What is philosophy?
What is philosophy? An abstract definition of the field is less revealing than a set of questions that philosophers try to answer. Here's one such set:
- Is the human mind just a very complicated machine?
- Can we have free will if the mind is a machine?
- Must we have free will in order for life to be meaningful?
- What makes an act moral or immoral?
- When, if ever, can a government mandate or outlaw certain acts?
- Is it ever permissible to start a war with a pre-emptive strike?
- Is the order seen in the world evidence for the existence of God?
- Does the existence of evil show that a good God cannot exist?
- What is the role of philosophy in answering questions about God?
- What is knowledge - and how exactly does it differ from opinion and from faith?
- What, if anything, can we know with certainty?
- Are warrants for knowledge relative to particular cultures?
We feel the need to confront such questions as we develop a sense of wonder about the world and human destiny. Wonder is provoked by many things, of course, including other university studies: philosophy connects with every discipline.
Will philosophy help you with anything practical?
But will philosophy help you with anything practical? Yes, if only because philosophy provides you with analytical tools of reasoning that prove exceedingly useful in every field. An indication of this is the very impressive record of success philosophy majors have had over the years in tests given by professional schools: the GRE (Graduate Record Exam), the LSAT (Law School Admission Test), the GMAT (Graduate Management Admission Test), and the MCAT (Medical College Admission Test). For instance, philosophy majors consistently outperform all other disciplines on the verbal portion of the GRE. And philosophy majors are consistently at the very top with regard to performance on the LSAT. Do an internet search on "philosophy major GRE", or "philosophy major LSAT", etc., for the striking statistics.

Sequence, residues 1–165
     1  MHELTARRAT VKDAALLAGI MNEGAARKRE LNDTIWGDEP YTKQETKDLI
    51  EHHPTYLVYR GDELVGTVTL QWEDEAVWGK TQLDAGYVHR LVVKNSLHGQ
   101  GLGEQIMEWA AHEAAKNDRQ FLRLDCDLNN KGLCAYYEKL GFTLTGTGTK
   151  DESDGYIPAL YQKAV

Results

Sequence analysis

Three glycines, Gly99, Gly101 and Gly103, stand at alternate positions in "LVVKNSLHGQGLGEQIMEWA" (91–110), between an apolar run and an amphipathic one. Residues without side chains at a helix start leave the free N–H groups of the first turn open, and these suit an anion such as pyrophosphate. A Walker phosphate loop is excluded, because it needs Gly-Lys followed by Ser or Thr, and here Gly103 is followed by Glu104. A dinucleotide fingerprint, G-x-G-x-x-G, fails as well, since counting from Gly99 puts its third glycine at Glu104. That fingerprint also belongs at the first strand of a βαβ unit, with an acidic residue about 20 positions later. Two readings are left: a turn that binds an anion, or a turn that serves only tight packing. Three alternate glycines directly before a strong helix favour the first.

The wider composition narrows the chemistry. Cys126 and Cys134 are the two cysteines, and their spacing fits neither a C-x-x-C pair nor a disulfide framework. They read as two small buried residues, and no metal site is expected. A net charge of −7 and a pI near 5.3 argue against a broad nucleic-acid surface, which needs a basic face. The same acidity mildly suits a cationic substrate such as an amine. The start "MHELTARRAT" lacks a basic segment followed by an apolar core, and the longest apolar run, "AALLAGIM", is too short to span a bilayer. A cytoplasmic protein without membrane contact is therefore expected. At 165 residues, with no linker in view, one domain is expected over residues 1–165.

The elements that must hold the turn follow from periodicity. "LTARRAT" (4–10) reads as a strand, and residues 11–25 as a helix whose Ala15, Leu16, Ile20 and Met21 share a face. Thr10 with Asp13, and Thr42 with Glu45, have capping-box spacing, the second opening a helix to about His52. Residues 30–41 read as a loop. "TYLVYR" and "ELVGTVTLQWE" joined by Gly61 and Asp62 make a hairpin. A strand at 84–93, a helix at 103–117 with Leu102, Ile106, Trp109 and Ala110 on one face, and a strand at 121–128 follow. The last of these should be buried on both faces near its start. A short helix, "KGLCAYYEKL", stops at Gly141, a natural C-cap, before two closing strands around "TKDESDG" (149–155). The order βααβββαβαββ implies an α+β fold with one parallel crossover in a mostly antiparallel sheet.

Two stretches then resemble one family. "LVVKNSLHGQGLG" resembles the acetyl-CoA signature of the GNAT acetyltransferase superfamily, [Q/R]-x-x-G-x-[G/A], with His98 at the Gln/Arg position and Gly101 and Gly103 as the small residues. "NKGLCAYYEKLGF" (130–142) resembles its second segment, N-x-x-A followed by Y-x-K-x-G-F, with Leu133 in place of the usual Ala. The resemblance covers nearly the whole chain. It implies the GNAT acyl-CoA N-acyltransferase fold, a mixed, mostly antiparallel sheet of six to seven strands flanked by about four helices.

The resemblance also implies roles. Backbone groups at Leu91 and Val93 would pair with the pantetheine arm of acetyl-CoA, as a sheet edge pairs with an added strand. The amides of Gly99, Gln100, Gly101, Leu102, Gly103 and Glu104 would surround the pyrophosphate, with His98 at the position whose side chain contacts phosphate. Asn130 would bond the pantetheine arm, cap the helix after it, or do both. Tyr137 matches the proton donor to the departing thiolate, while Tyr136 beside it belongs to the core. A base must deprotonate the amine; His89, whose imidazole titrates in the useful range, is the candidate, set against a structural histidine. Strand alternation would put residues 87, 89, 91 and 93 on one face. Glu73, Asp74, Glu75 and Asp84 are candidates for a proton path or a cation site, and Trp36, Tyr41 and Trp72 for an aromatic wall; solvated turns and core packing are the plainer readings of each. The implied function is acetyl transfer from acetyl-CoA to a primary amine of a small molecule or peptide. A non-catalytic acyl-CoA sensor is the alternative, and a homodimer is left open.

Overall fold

Philosophy students build skills that are highly desirable to employers. You will learn to think critically and imaginatively, analyze concepts and problems, develop rigorous arguments, interpret difficult texts, debate about a wide variety of issues, and communicate with clarity -- versatile abilities that will serve you well in a wide range of career paths.
Yet the primary value of philosophy lies less in career preparation than in what it does for the mind. It is no small matter to become familiar with great answers to great questions, to take as one's teachers some of the most illuminating thinkers from the dawn of theorizing to the present moment, and to be furnished thereby with precious materials for the construction of your own worldview.